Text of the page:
The Program of the International Brotherhood
Mikhail Bakunin 1869
Source: Bakunin on Anarchy, translated and edited by Sam Dolgoff, 1971.
All the evidence indicates that the secret “International Brotherhood,” also called “Secret Alliance,” was formally dissolved early in 1869. In reply to accusations made by the General Council of the International, both Bakunin and Guillaume denied its existence. There was undoubtedly an informal group of adherents to Bakunin’s ideas, but as a formal organization, says Guillaume, “[the International Brothers] existed only theoretically in Bakunin’s brain as a kind of dream indulged in with delight....'’ But this does not lessen the importance of the ideas formulated in the program which Bakunin wrote for it.
While the Program does not cover all the subjects discussed in the Revolutionary Catechism, it contains a more precise and advanced formulation of Bakunin’s ideas about revolutionary strategy; about the expropriation of private, Church, and State property, and its transfer into the collective property of federated workers’ industrial and agricultural associations; faith in the creative capacity of the masses; revolutionary violence and terrorism; revolution by a centralized “socialist” state; and above all, the tasks of the anarchist vanguard movement (International Brotherhood) in the Social Revolution.
THE association of the International Brothers desires a revolution that shall be at the same time universal, social, philosophical, and economic, so that no stone may remain unturned, in all of Europe first, and then in the rest of the world, to change the present order of things founded on property, on exploitation, domination, and the principle of authority, be it religious, metaphysical, and doctrinaire in the bourgeois manner or even revolutionary in the Jacobin manner. Calling for peace for the workers and liberty for all, we want to destroy all the states and all the churches, with all their institutions and their religious, political, financial, juridical, police, educational, economic, and social laws, so that all these millions of wretched human beings, deceived, enslaved, tormented, exploited, may be released from all their official and officious directors and benefactors — both associations and individuals — and at last breathe in complete freedom.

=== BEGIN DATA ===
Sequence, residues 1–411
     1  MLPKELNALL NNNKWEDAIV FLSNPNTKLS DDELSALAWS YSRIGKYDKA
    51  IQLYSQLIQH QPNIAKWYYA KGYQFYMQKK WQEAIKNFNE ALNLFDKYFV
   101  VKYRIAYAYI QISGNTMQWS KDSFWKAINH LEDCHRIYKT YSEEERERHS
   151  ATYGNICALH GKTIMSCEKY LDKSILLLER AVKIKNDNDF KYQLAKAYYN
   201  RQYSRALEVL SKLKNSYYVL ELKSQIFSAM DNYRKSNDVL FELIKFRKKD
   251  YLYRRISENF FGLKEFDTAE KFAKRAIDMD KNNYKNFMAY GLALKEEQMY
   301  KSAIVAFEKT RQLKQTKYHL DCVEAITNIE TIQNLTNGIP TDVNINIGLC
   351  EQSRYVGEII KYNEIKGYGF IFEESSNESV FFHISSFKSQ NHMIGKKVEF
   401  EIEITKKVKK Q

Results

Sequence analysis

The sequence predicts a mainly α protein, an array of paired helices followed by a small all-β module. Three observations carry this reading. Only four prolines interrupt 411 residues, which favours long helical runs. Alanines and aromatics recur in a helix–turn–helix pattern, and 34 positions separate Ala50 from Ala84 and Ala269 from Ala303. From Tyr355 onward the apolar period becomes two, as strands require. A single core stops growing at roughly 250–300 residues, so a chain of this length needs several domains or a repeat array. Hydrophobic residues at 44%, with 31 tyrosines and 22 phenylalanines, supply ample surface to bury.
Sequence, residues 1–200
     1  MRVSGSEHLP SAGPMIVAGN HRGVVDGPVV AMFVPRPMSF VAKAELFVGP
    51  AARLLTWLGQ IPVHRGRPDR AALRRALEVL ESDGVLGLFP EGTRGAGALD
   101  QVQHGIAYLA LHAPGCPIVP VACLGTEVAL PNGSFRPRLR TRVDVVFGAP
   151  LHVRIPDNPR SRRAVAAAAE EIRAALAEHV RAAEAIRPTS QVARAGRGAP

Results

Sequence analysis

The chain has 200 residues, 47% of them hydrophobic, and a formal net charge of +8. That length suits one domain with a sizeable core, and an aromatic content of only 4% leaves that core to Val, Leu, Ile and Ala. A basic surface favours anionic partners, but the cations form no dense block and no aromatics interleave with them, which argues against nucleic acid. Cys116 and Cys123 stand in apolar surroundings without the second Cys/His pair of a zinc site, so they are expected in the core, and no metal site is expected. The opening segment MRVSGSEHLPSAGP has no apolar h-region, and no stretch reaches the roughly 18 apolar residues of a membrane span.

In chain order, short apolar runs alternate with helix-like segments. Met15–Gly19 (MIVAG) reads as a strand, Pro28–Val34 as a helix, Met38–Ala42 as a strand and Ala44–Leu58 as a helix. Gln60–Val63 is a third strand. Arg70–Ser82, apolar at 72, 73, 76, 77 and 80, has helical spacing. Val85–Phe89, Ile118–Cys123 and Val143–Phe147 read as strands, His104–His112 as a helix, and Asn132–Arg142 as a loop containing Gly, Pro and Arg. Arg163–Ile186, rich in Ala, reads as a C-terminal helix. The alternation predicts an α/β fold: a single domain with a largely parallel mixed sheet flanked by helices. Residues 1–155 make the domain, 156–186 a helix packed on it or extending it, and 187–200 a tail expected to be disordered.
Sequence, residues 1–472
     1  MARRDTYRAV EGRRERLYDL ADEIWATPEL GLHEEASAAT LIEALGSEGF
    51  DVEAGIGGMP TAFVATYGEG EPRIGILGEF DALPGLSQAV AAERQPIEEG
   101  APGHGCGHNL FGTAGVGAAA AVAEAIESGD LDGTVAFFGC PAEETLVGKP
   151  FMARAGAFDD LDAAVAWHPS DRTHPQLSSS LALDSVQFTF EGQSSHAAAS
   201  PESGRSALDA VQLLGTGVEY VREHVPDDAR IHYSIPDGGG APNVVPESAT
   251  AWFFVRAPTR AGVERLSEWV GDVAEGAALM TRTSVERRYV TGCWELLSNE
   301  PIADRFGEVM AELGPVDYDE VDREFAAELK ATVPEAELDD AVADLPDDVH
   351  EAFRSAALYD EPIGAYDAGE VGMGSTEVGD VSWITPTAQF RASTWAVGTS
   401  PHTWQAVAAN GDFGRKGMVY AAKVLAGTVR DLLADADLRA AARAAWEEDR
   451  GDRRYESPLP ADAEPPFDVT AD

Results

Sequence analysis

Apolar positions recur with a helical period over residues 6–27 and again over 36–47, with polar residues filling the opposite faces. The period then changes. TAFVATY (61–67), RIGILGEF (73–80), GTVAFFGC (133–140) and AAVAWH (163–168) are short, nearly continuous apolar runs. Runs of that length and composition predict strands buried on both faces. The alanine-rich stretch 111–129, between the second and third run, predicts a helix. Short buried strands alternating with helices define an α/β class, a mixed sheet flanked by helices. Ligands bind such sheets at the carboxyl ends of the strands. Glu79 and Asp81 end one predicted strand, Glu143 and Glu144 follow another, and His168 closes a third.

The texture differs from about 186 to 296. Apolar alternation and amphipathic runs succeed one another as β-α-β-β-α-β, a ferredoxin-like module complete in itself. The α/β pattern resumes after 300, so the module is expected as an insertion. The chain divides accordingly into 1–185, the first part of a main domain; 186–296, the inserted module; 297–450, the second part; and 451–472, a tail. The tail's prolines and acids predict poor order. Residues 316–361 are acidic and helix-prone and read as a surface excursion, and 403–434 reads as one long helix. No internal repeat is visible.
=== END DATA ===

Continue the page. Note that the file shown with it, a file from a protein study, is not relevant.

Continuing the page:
Convinced as we are that individual and social evil resides much less in individuals than in the organization of material things and in social conditions, we will he humane in our actions, as much for the sake of justice as for practical considerations, and we will ruthlessly destroy what is in our way without endangering the revolution. We deny society’s free will and its alleged right to punish. justice itself, taken in its widest, most humane sense, is but an idea, so to say, which is not an absolute dogma; it poses the social problem but it does not think it out. It merely indicates the only possible road to human emancipation, that is the humanization of society by liberty in equality. ‘ne positive solution can be achieved only by an increasingly rational organization of society. This solution, which is so greatly desired, our ideal for all, is liberty, morality, intelligence, and the welfare of each through the solidarity of all: human fraternity, in short.
Every human individual is the involuntary product of a natural and social environment within which he is born, and to the influence of which he continues to submit as he develops. The three great causes of all human immorality are: political, economic, and social inequality; the ignorance resulting naturally from all this; and the necessary consequence of these, slavery.
Since the social organization is always and everywhere the only cause of crimes committed by men, the punishing by society of criminals who can never be guilty is an act of hypocrisy or a patent absurdity. The theory of guilt and punishment is the offspring of theology, that is, of the union of absurdity and religious hypocrisy. The only right one can grant to society in its present transitional state is the natural right to kill in self-defense the criminals it has itself produced. but not the right to judge and condemn them This cannot, strictly speaking, be a right, it can only be a natural, painful, but inevitable act, itself the indication and outcome of the impotence and stupidity of present-day society. The less society makes use of it, the closer it will come to its real emancipation. All the revolutionaries, the oppressed, the sufferers, victims of the existing social organization, whose hearts are naturally filled with hatred and a desire for vengeance, should bear in mind that the kings, the oppressors, exploiters of all kinds, are as guilty as the criminals who have emerged from the masses; like them, they are evildoers who are not guilty, since they, too, are involuntary products of the present social order. It will not be surprising if the rebellious people kill a great many of them at first. This will be a misfortune, as unavoidable as the ravages caused by a sudden tempest, and as quickly over; but this natural act will be neither moral nor even useful.